by Keith Frankish
Publisher: The Open University / Open University Worldwide
Format: Paperback, 278 pages
Publication date: 1 January 2005, re-issued 30 January 2010.
Consciousness seems to present the biggest challenge for a science of the mind. Can science explain the feel of conscious experience—what it is like to have a throbbing headache, or see a sunset, or smell freshly ground coffee? Are such experiences just complex physical phenomena or is there more to them than a physical account can ever capture? Can we explain consciousness in functional terms? Is the feel of a conscious experience a matter of what it represents? Is it the product of a form of inner awareness? Could it be that our view of consciousness is mistaken and that we need to rethink our assumptions about it? These questions go to the heart of our conception of ourselves and our place in the universe, and they are the subject of vigorous debate among contemporary philosophers.
This book aims to make recent philosophical work on consciousness accessible to newcomers to the area, using techniques the OU has successfully developed over the last 30 years—guiding students through the key positions and arguments, and using carefully edited readings and extensive questions, activities, and discussions of answers. It provides a sound grounding in the current debate about consciousness and will enable the reader to adopt an informed position on the issue. Annotated Further Reading sections at the end of each chapter suggest next steps for those who wish to explore the subject further.
Although written for an Open University course, the book is completely self-contained and assumes no prior knowledge of the subject area. It is an ideal introduction to the philosophy of consciousness, both for the general reader and for students.
Consciousness was a set book for the Open University Course, AA308 Thought and Experience: Themes in the Philosophy of Mind.
1: INTRODUCING CONSCIOUSNESS
2: PROPERTY DUALISM
5: RETHINKING CONSCIOUSNESS
EDITED READINGS (1) David J. Chalmers, A catalog of conscious experiences, (2) David J. Chalmers, The easy problems and the hard problem, (3) Frank Jackson, The knowledge argument (4) David J. Chalmers, The conceivability of zombies, (5) David J. Chalmers, Naturalistic dualism, (6) Frank Jackson, The bogey of epiphenomenalism, (7) David J. Chalmers, The paradox of phenomenal judgment, (8) David J. Chalmers, Panprotopsychism, (9) Daniel C. Dennett, Mary and the blue banana, (10) David Lewis, The ability hypothesis, (11) Michael Tye, Mary’s room, (12) Daniel C. Dennett, The unimagined preposterousness of zombies, (13) David Papineau, Conceivability and possibility, (14) Peter Carruthers, On properties and recognitional concepts, (15) Joseph Levine, The explanatory gap, (16) Michael Tye, Phenomenal content: the PANIC theory, (17) Michael Tye, The intentionality of feelings and experiences, (18) Peter Carruthers, A problem for FOR-theories, (19) David Rosenthal, Explaining consciousness, (20) Daniel C. Dennett, Multiple drafts and the stream of consciousness.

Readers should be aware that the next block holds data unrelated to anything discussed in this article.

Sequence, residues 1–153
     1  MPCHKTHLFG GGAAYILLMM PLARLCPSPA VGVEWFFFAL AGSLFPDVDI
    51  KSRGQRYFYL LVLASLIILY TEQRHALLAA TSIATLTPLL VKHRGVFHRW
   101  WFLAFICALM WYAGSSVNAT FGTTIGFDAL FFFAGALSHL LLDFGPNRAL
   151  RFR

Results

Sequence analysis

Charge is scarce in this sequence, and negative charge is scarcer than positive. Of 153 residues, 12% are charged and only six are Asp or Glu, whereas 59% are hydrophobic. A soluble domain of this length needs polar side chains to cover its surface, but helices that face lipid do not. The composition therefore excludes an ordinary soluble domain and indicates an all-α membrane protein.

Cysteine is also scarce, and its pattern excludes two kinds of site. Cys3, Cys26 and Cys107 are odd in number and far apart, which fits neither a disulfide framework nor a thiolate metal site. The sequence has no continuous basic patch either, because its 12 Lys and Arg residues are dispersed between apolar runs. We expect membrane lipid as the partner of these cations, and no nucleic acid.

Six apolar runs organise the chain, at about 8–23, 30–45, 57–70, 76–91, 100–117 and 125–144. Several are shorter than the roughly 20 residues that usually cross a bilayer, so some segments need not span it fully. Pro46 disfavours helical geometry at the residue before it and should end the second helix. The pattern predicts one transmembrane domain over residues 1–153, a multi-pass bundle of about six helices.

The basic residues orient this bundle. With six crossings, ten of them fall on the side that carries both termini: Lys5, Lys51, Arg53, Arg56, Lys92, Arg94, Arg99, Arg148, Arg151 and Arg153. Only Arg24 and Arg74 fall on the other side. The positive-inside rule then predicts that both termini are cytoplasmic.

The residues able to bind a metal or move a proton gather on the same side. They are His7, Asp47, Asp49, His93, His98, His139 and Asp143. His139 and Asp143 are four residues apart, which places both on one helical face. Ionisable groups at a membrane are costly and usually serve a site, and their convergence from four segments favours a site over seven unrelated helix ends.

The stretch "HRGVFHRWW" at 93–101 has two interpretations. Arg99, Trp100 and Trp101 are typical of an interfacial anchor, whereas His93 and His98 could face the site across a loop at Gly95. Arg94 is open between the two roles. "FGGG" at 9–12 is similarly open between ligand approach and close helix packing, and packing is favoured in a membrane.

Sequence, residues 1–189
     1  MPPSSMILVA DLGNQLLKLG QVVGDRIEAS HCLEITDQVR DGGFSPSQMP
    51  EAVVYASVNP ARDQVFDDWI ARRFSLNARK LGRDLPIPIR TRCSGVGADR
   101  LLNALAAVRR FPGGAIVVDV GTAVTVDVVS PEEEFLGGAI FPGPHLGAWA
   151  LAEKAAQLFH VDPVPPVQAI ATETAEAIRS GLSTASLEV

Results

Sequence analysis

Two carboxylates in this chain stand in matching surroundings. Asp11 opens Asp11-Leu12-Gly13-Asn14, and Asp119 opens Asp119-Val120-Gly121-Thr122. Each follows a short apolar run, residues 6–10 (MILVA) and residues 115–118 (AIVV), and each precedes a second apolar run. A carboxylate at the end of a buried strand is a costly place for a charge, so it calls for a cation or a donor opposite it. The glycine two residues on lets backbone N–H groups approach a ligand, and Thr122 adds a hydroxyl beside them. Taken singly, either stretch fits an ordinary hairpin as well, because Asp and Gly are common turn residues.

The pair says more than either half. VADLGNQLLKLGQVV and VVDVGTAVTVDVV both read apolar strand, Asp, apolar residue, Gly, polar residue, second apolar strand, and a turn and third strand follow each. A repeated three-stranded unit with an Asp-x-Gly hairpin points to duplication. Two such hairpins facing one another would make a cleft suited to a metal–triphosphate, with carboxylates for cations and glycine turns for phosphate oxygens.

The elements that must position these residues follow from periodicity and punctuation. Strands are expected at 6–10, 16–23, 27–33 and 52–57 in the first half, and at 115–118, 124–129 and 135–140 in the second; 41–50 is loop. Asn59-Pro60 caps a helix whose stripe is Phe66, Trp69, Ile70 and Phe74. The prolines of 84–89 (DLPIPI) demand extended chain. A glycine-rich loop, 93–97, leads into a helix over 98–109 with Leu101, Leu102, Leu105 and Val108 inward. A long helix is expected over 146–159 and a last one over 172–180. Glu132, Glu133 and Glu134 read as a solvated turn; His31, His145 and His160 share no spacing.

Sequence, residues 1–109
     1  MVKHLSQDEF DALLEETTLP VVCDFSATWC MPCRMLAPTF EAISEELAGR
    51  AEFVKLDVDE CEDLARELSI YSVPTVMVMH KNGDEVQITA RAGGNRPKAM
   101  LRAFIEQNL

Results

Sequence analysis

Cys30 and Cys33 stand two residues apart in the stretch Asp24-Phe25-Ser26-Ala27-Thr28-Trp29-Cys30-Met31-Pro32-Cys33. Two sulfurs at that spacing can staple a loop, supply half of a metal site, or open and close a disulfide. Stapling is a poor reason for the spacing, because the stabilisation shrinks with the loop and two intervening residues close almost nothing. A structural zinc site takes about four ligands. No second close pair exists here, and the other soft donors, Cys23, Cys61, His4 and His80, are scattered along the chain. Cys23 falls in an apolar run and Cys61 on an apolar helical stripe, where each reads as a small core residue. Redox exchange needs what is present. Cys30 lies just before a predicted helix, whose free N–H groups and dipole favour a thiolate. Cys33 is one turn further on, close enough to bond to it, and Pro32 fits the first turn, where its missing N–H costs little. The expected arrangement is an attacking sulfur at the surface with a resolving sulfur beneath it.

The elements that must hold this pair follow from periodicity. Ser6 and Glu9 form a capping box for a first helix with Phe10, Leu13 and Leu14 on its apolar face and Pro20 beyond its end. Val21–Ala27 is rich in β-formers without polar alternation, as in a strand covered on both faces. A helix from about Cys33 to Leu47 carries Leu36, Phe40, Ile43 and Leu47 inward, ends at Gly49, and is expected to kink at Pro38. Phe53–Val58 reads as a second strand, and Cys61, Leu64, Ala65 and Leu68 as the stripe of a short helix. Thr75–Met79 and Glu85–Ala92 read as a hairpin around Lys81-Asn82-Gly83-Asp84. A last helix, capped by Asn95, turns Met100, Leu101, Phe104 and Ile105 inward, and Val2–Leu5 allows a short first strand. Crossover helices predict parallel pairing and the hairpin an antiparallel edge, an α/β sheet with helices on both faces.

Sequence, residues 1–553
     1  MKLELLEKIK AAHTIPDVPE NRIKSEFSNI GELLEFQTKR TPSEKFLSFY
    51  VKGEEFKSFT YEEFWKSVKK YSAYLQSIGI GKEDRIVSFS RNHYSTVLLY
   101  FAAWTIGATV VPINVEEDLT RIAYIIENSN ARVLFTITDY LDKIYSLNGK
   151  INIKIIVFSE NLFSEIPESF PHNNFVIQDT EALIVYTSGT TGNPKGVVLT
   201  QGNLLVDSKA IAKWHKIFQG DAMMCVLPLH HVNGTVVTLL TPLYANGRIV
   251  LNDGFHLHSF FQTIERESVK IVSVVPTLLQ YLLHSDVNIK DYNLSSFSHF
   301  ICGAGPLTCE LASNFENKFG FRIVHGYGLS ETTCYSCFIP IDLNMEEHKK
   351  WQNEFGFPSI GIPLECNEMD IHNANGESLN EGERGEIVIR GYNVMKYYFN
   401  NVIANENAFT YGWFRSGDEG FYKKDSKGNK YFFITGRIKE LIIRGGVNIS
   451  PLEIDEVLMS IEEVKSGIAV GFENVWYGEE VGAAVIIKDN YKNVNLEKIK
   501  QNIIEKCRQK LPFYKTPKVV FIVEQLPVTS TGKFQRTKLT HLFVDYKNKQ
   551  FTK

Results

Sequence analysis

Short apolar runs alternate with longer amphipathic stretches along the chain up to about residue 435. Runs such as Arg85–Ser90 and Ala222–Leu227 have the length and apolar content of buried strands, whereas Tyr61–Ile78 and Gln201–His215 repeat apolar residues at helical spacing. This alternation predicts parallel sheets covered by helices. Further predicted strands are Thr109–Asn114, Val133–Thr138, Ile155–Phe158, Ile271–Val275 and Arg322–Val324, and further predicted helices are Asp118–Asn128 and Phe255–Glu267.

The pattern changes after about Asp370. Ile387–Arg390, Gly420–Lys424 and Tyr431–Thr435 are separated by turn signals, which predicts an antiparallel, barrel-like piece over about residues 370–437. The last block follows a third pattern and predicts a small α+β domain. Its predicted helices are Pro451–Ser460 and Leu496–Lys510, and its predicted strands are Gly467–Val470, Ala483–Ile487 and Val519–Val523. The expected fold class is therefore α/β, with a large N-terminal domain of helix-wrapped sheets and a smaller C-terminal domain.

To read an extract from Consciousness in PDF format, click here.
Praise for Consciousness
“Keith Frankish has provided a lucid and thoughtful discussion of the problem of consciousness, and of the different theoretical approaches taken towards it. This is integrated with a very useful and well-chosen set of core readings from a number of the proponents, and interwoven with questions and activities for the student. Anyone working through the book will attain a secure grasp of the geography of the problem, as well as being stimulated to think about it for themselves.”
— Peter Carruthers, Professor of Philosophy, University of Maryland
“What a relief to find a writer of such clarity, congratulations to Keith Frankish. This is the best written book by far … this book is a breath of fresh air. Well done.”
— Alan E. Pedder (AA308 student, 2005)
“In his book Consciousness Keith Frankish plots the path between the poles of Chalmers’s hard question of what is it like to experience anything to Dennett’s position of an explanation of consciousness in purely physicalist terms. Through a system of explanations, readings of relevant texts and an engagement of the reader by means of activity and discussion, one is led to an understanding of the issues consciousness entails. I thoroughly recommend this book as a part of one’s education in philosophy.”
— Paul Clark MEd. (AA308 student, 2005)
“Just dropping you a short message to say congratulations on a great book; [it] was really well written and very student friendly … You have helped make the study of consciousness a fascinating subject of the philosophy of mind — it has been my favourite book. It was such a shame the book had to end …”
— Daren Mulley (AA308 student, 2006)
“I was quite nervous of the consciousness section, but that all seems less of a mystery and more of a hard problem now.”
— Norman Day (AA308 student, 2006)